How to grow a crown of thorns plant

The most common way to grow crown of thorns plants is through propagation or buying a small plant from a local nursery. To thrive, it needs well-draining soil and compost for enrichment and coarse sand for additional draining. This plant's pot should not be much larger than its root ball. According to The Spruce, excess soil within a crown of thorns plant's container can lead to water retention, which can then make its roots rot.

When propagating Euphorbia milii, you'll also need gloves to protect yourself from its venomous sap. Begin by taking a tip cutting of at least 2 to 4 inches from the top of the plant; your cutting should include a new leaf bud for best results, as told by Plant Index. Next, wrap the stem in a paper towel to let it dry out and callus. After a few days, the cut end of your stem should appear puckered, which means it's ready to plant. Push your tip cutting into a small pot of well-draining soil and gently press the dirt around its base to secure it. While it is in its rooting phase, keep the soil damp and put it in a sunny window to help it grow.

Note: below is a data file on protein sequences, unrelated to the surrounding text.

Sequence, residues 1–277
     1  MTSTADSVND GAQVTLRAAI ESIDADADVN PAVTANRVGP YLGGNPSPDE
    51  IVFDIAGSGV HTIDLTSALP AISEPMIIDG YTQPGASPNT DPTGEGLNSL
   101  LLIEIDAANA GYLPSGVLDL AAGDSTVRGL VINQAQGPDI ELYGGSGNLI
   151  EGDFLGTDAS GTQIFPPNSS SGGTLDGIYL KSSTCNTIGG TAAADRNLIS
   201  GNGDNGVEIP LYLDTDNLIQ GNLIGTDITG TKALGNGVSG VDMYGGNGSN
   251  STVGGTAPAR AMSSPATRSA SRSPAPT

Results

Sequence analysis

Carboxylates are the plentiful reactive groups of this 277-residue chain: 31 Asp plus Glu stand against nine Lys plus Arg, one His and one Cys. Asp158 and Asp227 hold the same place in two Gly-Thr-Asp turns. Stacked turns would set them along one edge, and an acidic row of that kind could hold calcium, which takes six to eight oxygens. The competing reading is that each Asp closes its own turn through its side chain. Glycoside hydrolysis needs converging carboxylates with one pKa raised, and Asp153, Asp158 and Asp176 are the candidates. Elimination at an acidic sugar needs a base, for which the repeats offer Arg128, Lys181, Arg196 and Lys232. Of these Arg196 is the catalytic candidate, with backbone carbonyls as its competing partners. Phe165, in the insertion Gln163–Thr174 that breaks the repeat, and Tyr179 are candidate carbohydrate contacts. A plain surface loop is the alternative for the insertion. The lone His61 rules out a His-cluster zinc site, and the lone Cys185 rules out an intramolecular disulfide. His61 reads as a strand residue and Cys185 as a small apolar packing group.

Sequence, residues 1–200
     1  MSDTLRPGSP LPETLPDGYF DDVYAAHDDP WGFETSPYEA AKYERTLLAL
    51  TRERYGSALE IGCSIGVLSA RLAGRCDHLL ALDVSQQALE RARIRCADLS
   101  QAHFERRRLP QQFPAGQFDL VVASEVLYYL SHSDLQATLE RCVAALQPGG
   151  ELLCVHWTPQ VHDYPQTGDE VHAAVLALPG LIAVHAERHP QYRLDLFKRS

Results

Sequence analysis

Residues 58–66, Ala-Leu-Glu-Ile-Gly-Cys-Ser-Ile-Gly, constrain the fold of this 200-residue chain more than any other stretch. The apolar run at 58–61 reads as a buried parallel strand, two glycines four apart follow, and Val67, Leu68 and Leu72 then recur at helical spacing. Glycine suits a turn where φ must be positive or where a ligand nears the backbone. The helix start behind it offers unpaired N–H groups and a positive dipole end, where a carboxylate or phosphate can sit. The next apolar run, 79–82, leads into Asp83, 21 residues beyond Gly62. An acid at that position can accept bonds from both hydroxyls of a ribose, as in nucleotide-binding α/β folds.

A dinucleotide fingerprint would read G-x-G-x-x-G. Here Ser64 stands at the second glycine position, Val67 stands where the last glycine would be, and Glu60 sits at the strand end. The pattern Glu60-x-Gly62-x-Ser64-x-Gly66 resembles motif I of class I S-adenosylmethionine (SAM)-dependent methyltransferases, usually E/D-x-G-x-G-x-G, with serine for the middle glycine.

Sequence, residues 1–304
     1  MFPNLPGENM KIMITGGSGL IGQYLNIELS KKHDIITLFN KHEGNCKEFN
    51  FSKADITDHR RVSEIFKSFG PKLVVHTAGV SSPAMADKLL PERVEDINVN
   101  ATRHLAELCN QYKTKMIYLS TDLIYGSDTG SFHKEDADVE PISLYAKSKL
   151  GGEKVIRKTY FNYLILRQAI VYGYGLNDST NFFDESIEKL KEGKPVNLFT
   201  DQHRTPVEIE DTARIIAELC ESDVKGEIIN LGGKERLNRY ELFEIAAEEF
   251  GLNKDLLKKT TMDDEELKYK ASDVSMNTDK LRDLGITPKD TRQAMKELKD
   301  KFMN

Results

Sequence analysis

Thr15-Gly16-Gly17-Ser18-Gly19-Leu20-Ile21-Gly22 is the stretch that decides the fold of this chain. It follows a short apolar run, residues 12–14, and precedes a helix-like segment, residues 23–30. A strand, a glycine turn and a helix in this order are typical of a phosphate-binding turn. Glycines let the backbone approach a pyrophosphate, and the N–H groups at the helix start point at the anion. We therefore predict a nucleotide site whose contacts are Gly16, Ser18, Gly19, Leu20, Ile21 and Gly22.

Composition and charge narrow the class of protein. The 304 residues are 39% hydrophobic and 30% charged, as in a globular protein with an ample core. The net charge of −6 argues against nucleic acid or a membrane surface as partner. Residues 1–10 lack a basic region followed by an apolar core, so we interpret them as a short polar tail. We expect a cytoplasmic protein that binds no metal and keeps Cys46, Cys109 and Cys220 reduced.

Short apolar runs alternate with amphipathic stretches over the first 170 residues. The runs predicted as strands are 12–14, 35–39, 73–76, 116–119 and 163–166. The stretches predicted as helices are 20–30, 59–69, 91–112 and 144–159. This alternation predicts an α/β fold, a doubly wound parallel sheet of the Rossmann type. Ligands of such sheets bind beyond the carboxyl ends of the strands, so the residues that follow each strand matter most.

How to care for a crown of thorns plant

Taking care of a crown of thorns plant is easy enough, especially when growing it indoors. The most important thing to give them is sunlight. The more sunlight they get each day, the more blooms they will have. Even three or four hours of sunlight per day can help them reliably flower, as per The Spruce. So, if you plan to keep your crown of thorns as an indoor plant, place it in a window facing south or west to give them access to the most direct sun.